Thursday, January 10, 2008

Gilda Gray

Gilda Gray (October 24, 1901 – December 22, 1959) was born Marianna Winchalaska in Kraków, Poland. Her birth parents were killed in a revolution and she was adopted from an orphanage. She escaped from Poland with her foster parents just before Krakow was taken over by Russia prior to World War I. They settled in Milwaukee, Wisconsin. Gilda began her career singing and dancing at local pubs.

She became famous in the US for popularizing a dance called the "shimmy" which became fashionable in 1920s films and theater productions. Although the shimmy is said to have been introduced to American audiences by Gray in New York in 1919, other sources say that her shimmy was born one night when she was singing the Star Spangled Banner and forgot some of the lyrics. She covered up her embarrassment by shaking her shoulders and hips. Although the shimmy was already a well-known dance move, Marianna appropriated it as her own when she was asked about her dancing style, she replied in a heavy Polish accent; "I'm shaking my chemise," which sounded to the English-speaking audience like shimmy. This account stands somewhere between truth and urban myth.

Her desire to continue her foot light career prompted Gray to move to Chicago where she was noticed by talent agent Frank Westphal who introduced her to his wife, singer Sophie Tucker. It was Tucker who prompted her to change her name to Gilda Gray. After being seen by Florenz Ziegfeld, she appeared in the 1922 Ziegfeld Follies where she was enormously popular with the public.

In 1923 she took her successful act and persona to Hollywood and between 1919 and 1936 she made several movies, shimmying on the screen in each one. Her first appearance was uncredited, but her second role was a small part in Girl with the Jazz Heart. Gilda then made Aloma of the South Seas, which grossed $3,000,000 in its first three months. The success of this film was enhanced by Gilda's personal appearances doing the shimmy as a promotion. In 1927, she made two more films, Cabaret and The Devil Dancer (co-starring Anna May Wong, with whom she would appear in 1929's recently restored and released Piccadilly).

When the stock market crashed in 1929, Gilda Gray lost most of her financial assets, but she managed to get a job dancing at the Palace Theater in New York for $3,500 a week - not bad in those depression years.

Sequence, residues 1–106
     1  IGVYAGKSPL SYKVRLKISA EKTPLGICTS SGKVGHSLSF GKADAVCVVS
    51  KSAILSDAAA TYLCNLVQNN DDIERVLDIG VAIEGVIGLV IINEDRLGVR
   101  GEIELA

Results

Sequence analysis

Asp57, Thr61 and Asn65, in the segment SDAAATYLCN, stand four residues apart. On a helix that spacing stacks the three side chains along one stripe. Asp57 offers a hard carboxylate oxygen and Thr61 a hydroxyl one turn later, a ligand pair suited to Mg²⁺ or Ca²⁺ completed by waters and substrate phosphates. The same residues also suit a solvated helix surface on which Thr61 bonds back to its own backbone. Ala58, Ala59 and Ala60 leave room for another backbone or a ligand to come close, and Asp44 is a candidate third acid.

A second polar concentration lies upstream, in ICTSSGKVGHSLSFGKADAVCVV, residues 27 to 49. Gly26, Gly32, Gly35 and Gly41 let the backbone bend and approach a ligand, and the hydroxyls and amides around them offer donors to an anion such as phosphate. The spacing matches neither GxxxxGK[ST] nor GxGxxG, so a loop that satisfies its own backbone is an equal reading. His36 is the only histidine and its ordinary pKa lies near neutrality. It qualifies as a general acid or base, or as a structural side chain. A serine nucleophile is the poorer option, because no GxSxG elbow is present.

In 1936 she was signed to play herself in the movie, The Great Ziegfeld, but unfortunately her scenes were cut from the picture. She left Hollywood and continued her stage act well into the fifties, but was basically penniless at the time of her death from a heart attack at age 58.

Picture Play Magazine, January 1926 - A beautiful illustration by Hal Phyfe and the image that has been adorning this blog's banner for the past couple of months.

This illustration accompanied the text below. It appeared in the January, 1926 Picture Play

The Shimmy in Celluloid.

Don Ryan (Who i believe became a screenwriter)

It is a keen disappointment to Hollywood that "Aloma of the South Seas" is being filmed in the East. For Hollywood remembers the merry times we had when Gilda Gray was among us on her stage tour.

It was during that time that I held my one and only salon, which was a howling success. The crowning glory of the evening-as the society reporter might have said-was the $769.74 worth of shimmy generously donated by Gilda.

Miss Gray was getting $15.000 a week for her shimmy. That is what her percentage in Los Angeles amounted to. For this amount she was doing three fifteen-minute shows, in which her actual shimmying time was two minutes each. At this rate she received $178.51 a minute. For us she performed exactly 4.2 minutes. I held the watch myself.

Which figures down to $769.74 worth of shimmy that we received free, gratis, without let, hindrance, or encumbrance-$769.74 worth of glittering motion, which Cecil De Mille would have given his right eye to have incorporated in an ancient Egyptian sequence.

The later years.

Gilda Gray - What do you think - Allure?

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